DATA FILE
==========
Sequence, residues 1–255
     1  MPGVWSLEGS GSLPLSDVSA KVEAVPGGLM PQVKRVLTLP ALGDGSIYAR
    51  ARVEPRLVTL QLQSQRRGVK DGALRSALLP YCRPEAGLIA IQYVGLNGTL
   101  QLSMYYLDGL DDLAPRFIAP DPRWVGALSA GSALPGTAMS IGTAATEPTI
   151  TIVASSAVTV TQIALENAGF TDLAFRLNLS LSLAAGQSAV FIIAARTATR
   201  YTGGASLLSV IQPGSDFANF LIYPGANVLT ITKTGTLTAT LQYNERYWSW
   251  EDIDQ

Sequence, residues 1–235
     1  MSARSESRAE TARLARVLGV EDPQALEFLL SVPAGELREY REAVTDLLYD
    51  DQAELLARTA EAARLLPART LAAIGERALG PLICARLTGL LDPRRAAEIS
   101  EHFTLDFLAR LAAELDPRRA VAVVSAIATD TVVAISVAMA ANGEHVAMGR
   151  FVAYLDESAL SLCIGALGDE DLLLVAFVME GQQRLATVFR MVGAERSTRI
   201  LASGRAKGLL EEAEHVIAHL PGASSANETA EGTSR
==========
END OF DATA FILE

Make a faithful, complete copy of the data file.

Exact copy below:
Sequence, residues 1–255
     1  MPGVWSLEGS GSLPLSDVSA KVEAVPGGLM PQVKRVLTLP ALGDGSIYAR
    51  ARVEPRLVTL QLQSQRRGVK DGALRSALLP YCRPEAGLIA IQYVGLNGTL
   101  QLSMYYLDGL DDLAPRFIAP DPRWVGALSA GSALPGTAMS IGTAATEPTI
   151  TIVASSAVTV TQIALENAGF TDLAFRLNLS LSLAAGQSAV FIIAARTATR
   201  YTGGASLLSV IQPGSDFANF LIYPGANVLT ITKTGTLTAT LQYNERYWSW
   251  EDIDQ

Sequence, residues 1–235
     1  MSARSESRAE TARLARVLGV EDPQALEFLL SVPAGELREY REAVTDLLYD
    51  DQAELLARTA EAARLLPART LAAIGERALG PLICARLTGL LDPRRAAEIS
   101  EHFTLDFLAR LAAELDPRRA VAVVSAIATD TVVAISVAMA ANGEHVAMGR
   151  FVAYLDESAL SLCIGALGDE DLLLVAFVME GQQRLATVFR MVGAERSTRI
   201  LASGRAKGLL EEAEHVIAHL PGASSANETA EGTSR